THE BYZANTINE EMPIRE
The Roman Empire, which had dominated the whole Mediterranean world and much of Europe in ancient times, fell apart by the fifth century, A.D. But it did not disappear--it kept going in a different way. From their fabulous capital of Constantinople (today's Istanbul, Turkey), the people we call "Byzantine" kept the Roman Empire alive for another thousand years. Actually, they called themselves "Romans," even though their culture was Greek--and even though their religion was always in conflict with the Catholic Church of Rome.
Religion--the Orthodox form of Christianity, was all-important to the Byzantines. The emperor had a sacred mission as "God's deputy." And he had to be a good warrior! The Byzantines, believing that their Christian faith must triumph, had to fight endlessly against many enemies: pagan tribes, Muslims, and other Christians. Yet in spite of the emperor's holy role, emperors often came to power by violence--and ended just as violently.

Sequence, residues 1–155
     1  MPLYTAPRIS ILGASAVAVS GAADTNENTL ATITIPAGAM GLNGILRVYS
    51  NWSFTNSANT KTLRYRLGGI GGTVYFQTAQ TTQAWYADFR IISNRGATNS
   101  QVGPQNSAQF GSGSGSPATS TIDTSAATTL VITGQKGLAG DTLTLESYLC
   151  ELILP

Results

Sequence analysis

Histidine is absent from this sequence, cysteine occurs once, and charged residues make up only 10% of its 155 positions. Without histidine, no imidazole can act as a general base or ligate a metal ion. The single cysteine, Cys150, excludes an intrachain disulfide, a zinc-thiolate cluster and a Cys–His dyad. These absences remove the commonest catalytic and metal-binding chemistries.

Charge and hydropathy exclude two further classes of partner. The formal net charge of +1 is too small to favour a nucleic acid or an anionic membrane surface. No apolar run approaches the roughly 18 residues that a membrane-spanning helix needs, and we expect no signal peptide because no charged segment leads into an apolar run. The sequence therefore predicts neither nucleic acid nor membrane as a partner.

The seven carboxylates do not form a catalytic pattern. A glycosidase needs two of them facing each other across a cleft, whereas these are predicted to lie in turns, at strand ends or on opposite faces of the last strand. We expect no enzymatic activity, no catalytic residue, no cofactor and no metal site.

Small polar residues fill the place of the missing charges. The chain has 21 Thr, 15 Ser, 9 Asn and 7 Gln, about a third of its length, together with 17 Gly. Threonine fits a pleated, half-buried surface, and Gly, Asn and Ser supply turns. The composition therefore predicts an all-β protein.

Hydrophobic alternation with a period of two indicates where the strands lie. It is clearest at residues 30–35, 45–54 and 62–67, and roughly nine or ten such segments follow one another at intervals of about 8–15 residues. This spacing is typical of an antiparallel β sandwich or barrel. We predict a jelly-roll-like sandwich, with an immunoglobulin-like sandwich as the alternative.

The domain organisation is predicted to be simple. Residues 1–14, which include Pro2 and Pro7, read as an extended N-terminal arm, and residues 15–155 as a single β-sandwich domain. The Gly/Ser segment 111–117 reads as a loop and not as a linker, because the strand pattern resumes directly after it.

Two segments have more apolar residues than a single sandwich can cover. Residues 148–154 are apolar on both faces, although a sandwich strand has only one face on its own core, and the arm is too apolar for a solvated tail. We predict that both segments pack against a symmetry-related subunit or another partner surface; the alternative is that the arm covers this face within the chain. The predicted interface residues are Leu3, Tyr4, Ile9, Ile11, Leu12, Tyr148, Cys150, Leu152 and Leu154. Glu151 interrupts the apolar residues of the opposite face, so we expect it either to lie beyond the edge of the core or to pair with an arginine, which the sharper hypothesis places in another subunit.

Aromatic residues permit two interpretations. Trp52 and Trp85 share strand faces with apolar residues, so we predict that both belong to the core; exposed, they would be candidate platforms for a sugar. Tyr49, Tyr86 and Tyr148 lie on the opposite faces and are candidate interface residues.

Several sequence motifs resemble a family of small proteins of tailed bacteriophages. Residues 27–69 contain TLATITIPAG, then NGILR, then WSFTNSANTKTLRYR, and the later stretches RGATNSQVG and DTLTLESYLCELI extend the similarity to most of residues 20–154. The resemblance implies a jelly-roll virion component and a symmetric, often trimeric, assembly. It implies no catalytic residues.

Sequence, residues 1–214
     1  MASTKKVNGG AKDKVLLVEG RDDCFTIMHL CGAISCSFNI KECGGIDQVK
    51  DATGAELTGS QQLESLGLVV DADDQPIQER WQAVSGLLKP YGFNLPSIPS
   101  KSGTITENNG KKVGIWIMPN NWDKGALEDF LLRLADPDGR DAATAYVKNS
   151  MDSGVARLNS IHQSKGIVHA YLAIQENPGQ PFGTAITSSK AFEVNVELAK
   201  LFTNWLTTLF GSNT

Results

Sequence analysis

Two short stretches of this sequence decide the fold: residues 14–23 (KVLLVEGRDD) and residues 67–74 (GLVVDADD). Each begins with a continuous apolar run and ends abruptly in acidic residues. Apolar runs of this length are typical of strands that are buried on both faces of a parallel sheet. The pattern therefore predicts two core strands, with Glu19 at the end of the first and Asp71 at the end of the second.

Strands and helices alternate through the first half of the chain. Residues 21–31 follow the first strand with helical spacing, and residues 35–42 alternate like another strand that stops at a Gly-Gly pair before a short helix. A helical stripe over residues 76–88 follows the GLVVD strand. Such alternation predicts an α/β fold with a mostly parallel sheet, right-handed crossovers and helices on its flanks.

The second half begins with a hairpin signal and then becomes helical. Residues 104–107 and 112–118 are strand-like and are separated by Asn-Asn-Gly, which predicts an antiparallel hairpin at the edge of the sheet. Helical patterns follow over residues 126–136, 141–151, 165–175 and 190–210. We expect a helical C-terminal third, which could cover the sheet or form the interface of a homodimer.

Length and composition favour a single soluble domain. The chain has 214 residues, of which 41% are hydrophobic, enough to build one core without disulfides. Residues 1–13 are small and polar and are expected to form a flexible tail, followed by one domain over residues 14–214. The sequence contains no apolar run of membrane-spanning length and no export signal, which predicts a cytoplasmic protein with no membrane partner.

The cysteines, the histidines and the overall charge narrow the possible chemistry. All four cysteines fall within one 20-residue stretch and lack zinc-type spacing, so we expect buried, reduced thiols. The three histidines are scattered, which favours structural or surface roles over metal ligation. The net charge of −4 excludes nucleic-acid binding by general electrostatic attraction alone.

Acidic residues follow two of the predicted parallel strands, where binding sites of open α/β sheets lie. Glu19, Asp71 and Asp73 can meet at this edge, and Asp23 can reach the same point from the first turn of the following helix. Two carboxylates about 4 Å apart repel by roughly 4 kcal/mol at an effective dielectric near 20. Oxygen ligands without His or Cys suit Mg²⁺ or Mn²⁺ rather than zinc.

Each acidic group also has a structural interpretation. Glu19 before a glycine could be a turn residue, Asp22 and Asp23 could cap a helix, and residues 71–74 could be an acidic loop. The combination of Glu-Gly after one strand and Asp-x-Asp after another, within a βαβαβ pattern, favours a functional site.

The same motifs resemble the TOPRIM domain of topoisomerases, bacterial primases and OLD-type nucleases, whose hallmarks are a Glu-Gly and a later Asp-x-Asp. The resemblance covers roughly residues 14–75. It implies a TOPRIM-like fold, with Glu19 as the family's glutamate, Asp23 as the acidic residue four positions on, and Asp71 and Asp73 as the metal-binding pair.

The most evident heritage of the Byzantines today is the Orthodox churches of Greece, Russia, and parts of the Middle East, along with the beautiful artistic legacy in architecture, mosaic art, and icons. Although people in the West have too often overlooked the importance of the Byzantine Empire,it's very much part of our civilization today.
Like other volumes in the excellent "Cultures of the Past" series, THE BYZANTINE EMPIRE can by ordered from your usual book supplier or directly from the publisher, Marshall Cavendish (which may be a little more economical), at 1-800-821-9881.
SOME QUESTIONS TO TALK ABOUT . . . .
What stands out in your mind as the most interesting or attractive thing about Byzantine culture?
There are probably some contradictions in every culture. What about the Byzantines?
Do you think these contradictions led to the downfall of the Byzantine Empire? Or was it only a matter of time?
Are you aware of any "echoes" of Byzantine culture or history in the world today?